There was no purpose in their decisions as they simply went through the motions. While there were no wise plans for ministry, the facilities of these churches became their obsession. Some even split over minor disputes involving their facilities.

The autopsy report is definitive. Neglect and poor priorities are lethal to a church. With the examination complete, Rainer poses a question: Is there hope for dying churches? Not every church is at the same place in their decay. Therefore, Rainer offers four responses for each stage of the decline of a church. He encourages his readers with responses based on whether a church is showing signs of sickness, deeply in the throes of illness or audibly exhaling a death rattle. These responses are helpful, serving as good medicine for ill churches. I will let you read the book to discover your diagnosis and consider Rainer’s prescription.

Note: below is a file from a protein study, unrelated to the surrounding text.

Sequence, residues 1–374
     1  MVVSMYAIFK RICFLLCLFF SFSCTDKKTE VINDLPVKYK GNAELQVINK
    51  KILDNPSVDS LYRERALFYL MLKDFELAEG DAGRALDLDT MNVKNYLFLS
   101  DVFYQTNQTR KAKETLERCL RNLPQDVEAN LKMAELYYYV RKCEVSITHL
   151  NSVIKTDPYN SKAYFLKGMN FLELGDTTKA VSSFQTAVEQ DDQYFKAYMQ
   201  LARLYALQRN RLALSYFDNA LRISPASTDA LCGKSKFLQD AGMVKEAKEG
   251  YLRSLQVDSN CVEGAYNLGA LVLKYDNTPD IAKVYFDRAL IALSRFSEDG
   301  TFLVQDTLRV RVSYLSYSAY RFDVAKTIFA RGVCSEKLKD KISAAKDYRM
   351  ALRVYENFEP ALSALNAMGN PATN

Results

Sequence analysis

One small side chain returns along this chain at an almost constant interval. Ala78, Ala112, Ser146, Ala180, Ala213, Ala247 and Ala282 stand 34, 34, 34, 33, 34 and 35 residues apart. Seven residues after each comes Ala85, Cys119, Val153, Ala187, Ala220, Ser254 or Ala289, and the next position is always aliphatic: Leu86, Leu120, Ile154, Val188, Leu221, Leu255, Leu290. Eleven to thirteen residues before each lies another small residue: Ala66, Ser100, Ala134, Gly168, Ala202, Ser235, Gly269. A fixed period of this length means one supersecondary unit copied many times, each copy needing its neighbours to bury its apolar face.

Autopsy of a Deceased Church is a brief but terribly solemn read. My thoughts were drawn to the church I pastor. Could there be places where we are allowing a terrible poison to seep into our body? Are there areas that we have neglected and by doing so exposed ourselves to an infection that could one day cause our body to fail? Christ’s church is a living thing designed to grow and be vibrant. Autopsy of a Deceased Church serves as a good reminder that we must guard ourselves, watch our priorities and be about the work of the Kingdom. If we are not, our church may find itself on the cold slab of the autopsy table.

(EDITOR’S NOTE – Micheal Pardue is pastor of First Baptist Icard, Connelly Springs.)